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Qaeda insurgents kill 18 Houthis as Yemen sectarian conflict spreads
October 20, 2014 / 3:27 PM / in 3 years

Qaeda insurgents kill 18 Houthis as Yemen sectarian conflict spreads

* Ansar al-Sharia militants also capture central city of al-Odayn

* Fighting follows Shi‘ite Houthi rebel push into central Yemen

* Conflict rattles oil-exporting giant Saudi Arabia nearby

By Mohammed Ghobari

SANAA, Oct 20 (Reuters) - Al Qaeda-affiliated Sunni Muslim insurgents killed 18 Shi‘ite Muslim Houthi rebels and seized an important city in central Yemen, tribal sources said on Monday, in a spread of sectarian conflict as central government authority has unravelled.

The northern-based Houthis established themselves as power brokers in Yemen last month by capturing the capital, Sanaa against scant resistance from the weak administration of President Abd-Rabbu Mansour Hadi.

Houthi forces have since advanced into central Yemen and taken on Sunni tribesmen and al Qaeda militants, who regard the Houthis as heretics. Fighting has flared in several provinces, alarming the world’s No. 1 oil exporter Saudi Arabia next door.

Tribal sources said that at least 10 Houthi fighters were killed when al Qaeda-linked Ansar al-Sharia fighters shelled a house in the town of Radda in al-Bayda province on Sunday night.

Eight more Houthi fighters were killed in clashes on the outskirts of Radda, they said.

Ansar al-Sharia said in a report from the al-Orsh area in al-Bayda that “dozens of Houthis” have been killed or wounded in battles since Sunday evening. “The battles are continuing until this moment,” the report added.

There was no immediate word on casualties from Ansar.

Radda, with a population of 60,000, has long been a stronghold of Ansar, which includes many fighters from local tribes who are up in arms over the new presence of Houthi rebels in the mainly Sunni-populated region.

There is growing international concern about Yemen’s turmoil because of its proximity to Saudi Arabia and international shipping lanes, as well as the risk of al Qaeda using the country as a springboard for attacks abroad.

QAEDA INSURGENTS SEIZED MAJOR TOWN

In a significant development, residents and activists said al Qaeda fighters had marched into al-Odayn, a city of 200,000 in the central province of Ibb, captured the local government offices and raised their black and white flag on it.

“They came in at midday, invaded the town, chanting Allahu Akbar (God is Greater) and seized the government compound unopposed,” one resident of al-Odayn said.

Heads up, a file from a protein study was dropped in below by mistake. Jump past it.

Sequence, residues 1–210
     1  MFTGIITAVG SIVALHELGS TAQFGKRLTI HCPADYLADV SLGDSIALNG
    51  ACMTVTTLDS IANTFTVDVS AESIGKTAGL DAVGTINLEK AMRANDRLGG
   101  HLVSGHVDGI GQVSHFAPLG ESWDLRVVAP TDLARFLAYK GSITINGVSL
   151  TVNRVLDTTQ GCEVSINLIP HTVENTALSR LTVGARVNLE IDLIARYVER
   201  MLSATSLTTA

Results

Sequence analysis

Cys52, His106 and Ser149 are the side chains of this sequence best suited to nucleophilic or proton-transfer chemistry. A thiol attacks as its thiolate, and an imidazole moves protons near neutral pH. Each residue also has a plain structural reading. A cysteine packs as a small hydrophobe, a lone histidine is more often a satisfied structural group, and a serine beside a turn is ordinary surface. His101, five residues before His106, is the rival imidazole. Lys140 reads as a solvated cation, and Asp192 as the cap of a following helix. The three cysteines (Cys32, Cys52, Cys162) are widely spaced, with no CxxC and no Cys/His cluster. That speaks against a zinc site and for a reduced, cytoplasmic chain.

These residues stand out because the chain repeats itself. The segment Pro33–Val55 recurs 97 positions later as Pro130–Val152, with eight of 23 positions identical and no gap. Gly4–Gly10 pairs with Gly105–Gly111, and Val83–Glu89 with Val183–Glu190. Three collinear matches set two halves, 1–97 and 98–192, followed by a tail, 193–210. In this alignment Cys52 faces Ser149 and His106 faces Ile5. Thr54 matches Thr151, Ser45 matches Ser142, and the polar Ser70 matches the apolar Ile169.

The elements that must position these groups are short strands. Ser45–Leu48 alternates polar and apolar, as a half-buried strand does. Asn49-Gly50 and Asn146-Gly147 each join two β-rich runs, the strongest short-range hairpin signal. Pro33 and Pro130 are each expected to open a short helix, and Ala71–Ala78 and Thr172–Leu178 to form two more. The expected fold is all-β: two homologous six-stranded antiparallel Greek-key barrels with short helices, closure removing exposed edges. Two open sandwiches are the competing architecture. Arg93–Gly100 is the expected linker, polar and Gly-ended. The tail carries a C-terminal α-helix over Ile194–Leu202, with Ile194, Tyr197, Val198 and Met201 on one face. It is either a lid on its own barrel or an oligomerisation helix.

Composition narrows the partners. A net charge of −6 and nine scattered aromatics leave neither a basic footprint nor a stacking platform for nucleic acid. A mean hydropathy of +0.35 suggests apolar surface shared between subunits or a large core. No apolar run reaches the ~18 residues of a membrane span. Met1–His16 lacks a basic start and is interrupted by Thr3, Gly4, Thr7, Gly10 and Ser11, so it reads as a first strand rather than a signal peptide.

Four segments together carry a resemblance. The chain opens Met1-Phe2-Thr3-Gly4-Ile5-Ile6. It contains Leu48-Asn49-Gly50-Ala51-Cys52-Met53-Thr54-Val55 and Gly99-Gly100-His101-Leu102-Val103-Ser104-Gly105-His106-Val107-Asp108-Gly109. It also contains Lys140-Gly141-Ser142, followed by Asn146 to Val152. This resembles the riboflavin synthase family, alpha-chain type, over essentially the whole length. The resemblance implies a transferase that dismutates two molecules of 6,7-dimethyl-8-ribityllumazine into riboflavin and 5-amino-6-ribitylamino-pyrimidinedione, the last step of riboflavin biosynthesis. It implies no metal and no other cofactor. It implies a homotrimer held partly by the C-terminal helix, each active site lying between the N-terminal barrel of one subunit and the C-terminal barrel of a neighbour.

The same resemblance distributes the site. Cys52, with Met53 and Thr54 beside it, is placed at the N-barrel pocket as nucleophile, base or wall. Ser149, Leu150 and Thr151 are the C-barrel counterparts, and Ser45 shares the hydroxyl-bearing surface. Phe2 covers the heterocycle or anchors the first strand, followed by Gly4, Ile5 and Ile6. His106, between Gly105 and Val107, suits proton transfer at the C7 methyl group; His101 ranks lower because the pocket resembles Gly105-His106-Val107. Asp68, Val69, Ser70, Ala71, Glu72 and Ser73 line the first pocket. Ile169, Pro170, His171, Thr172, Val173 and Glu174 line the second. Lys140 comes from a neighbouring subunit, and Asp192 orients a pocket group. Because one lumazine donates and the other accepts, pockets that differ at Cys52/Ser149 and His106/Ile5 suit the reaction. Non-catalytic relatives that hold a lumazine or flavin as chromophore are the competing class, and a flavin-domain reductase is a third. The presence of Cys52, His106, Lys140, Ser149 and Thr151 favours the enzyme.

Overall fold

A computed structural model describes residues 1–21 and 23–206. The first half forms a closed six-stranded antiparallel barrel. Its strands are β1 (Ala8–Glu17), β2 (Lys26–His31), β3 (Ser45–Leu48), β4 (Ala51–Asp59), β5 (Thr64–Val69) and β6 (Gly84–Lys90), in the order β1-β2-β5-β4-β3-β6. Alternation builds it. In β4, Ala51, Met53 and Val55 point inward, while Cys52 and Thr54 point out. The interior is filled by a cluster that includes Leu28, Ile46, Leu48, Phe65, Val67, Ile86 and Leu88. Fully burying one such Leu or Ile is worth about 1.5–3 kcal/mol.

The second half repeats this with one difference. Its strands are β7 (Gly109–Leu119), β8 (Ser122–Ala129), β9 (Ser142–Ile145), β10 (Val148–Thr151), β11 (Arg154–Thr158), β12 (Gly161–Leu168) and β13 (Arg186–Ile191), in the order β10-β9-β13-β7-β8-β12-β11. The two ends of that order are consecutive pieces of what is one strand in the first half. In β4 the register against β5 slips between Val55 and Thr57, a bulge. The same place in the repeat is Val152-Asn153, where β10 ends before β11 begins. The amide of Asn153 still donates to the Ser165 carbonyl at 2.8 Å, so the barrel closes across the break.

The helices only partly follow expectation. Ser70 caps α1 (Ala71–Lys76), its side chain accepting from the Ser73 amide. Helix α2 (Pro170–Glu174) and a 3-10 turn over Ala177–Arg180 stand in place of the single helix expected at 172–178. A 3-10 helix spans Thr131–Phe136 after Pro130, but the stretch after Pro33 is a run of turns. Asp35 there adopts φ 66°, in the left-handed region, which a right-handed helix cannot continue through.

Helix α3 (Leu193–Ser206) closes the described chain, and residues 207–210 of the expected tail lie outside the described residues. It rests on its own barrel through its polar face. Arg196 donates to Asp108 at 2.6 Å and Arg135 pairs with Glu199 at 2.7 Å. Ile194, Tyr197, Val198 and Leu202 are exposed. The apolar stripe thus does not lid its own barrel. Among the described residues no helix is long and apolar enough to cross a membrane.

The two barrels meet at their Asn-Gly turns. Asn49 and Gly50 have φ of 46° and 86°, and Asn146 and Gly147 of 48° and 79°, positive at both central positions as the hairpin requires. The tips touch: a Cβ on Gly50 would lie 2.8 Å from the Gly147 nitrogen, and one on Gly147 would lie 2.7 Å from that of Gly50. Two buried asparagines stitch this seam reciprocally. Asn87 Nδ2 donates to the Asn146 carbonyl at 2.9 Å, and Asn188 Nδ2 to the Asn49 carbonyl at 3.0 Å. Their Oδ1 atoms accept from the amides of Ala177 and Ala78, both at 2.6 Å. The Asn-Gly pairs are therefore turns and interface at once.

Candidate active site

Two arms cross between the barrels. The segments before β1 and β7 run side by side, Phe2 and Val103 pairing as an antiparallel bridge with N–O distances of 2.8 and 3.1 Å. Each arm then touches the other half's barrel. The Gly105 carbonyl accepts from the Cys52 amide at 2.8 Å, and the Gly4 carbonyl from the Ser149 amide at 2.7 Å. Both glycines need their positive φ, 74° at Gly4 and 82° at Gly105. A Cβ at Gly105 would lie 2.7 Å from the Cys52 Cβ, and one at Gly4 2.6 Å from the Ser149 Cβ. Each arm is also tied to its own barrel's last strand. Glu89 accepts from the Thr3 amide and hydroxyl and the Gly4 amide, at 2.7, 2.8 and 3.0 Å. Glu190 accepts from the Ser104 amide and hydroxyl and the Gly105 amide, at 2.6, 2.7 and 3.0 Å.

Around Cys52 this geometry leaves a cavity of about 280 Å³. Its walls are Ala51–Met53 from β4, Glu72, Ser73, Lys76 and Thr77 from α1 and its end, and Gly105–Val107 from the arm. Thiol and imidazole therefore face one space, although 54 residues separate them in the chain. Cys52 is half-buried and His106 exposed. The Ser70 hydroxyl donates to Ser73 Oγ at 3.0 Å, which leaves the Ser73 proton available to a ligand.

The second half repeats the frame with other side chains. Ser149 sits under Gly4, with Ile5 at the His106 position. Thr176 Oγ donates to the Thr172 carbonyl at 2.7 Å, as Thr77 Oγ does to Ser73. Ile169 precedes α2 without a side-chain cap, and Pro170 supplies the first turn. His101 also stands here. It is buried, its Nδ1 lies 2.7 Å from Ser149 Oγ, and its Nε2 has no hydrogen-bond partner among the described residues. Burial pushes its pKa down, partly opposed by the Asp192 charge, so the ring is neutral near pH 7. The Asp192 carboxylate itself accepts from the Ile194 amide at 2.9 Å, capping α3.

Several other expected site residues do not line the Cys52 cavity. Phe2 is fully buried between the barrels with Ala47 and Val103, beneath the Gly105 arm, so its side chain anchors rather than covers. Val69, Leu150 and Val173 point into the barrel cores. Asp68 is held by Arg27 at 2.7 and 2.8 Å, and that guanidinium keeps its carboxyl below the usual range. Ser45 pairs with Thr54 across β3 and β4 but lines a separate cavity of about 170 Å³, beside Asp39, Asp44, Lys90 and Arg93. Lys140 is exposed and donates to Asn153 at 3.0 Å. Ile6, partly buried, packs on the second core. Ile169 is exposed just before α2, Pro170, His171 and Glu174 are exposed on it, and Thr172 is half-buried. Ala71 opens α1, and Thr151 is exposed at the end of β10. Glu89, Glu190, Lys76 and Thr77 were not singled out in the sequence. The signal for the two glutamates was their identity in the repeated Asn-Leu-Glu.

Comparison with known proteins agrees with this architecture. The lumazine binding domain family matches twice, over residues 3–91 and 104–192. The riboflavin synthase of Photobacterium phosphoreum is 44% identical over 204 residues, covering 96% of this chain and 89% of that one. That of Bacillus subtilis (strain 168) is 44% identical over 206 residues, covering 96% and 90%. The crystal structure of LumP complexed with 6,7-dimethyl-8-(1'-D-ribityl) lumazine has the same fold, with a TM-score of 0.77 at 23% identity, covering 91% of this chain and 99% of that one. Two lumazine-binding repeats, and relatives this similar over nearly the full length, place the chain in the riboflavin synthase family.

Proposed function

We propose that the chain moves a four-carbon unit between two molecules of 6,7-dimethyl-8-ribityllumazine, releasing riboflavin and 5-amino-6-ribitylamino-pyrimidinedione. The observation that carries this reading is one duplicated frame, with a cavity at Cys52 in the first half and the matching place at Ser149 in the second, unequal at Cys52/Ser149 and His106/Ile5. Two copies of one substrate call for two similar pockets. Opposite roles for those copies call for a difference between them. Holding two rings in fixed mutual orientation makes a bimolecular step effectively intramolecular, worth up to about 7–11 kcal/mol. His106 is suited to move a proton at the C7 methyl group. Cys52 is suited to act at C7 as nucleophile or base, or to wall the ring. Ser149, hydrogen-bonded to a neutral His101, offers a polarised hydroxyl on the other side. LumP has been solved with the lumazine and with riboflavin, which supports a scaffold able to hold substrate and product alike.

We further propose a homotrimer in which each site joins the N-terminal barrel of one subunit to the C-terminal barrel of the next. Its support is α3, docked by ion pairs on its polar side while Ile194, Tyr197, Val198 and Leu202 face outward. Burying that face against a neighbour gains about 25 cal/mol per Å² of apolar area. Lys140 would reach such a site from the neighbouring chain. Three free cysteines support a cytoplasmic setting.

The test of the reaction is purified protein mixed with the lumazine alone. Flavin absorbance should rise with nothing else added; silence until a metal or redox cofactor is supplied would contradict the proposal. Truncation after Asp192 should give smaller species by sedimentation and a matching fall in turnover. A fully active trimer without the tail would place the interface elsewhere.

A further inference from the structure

Residents also said Sunni militants destroyed the home of a local Houthi member who had been trying to recruit local fighters to join a popular committee, a kind of a grassroots police force Houthis have established in other parts of the Arabian Peninsula country.

The Houthis’ advance and clashes with Ansar al-Sharia prompted often faction-ridden regional Sunni tribesmen to close ranks to try to protect themselves.

In a statement issued on Sunday, a committee of local tribesmen warned that they would not tolerate the presence of “any armed militia from any party” in al-Bayda province and called on the central government to step in to maintain order.

“The state must carry out its national duty to spare the province of sectarian strife...,” said the statement, which was obtained by Reuters.

The Yemeni armed forces have largely avoided confronting the Houthis since they moved into Sanaa last month, raising speculation that President Hadi was tacitly allowing the group to move freely while a new government is being formed.

Whether it would command more authority than the last one is big question, however. While the Houthis signed a power-sharing pact with other political parties, this has not deterred them from thrusting into other regions of Yemen.

In a further sign of gathering chaos, al Qaeda militants on Monday raided the Um al-Maghareb military airport in the eastern province of Hadramout province, not far from the Saudi border, and looted equipment, military and security sources said. (Reporting by Mohammed Ghobari; Writing by Sami Aboudi; Editing by Mark Heinrich)

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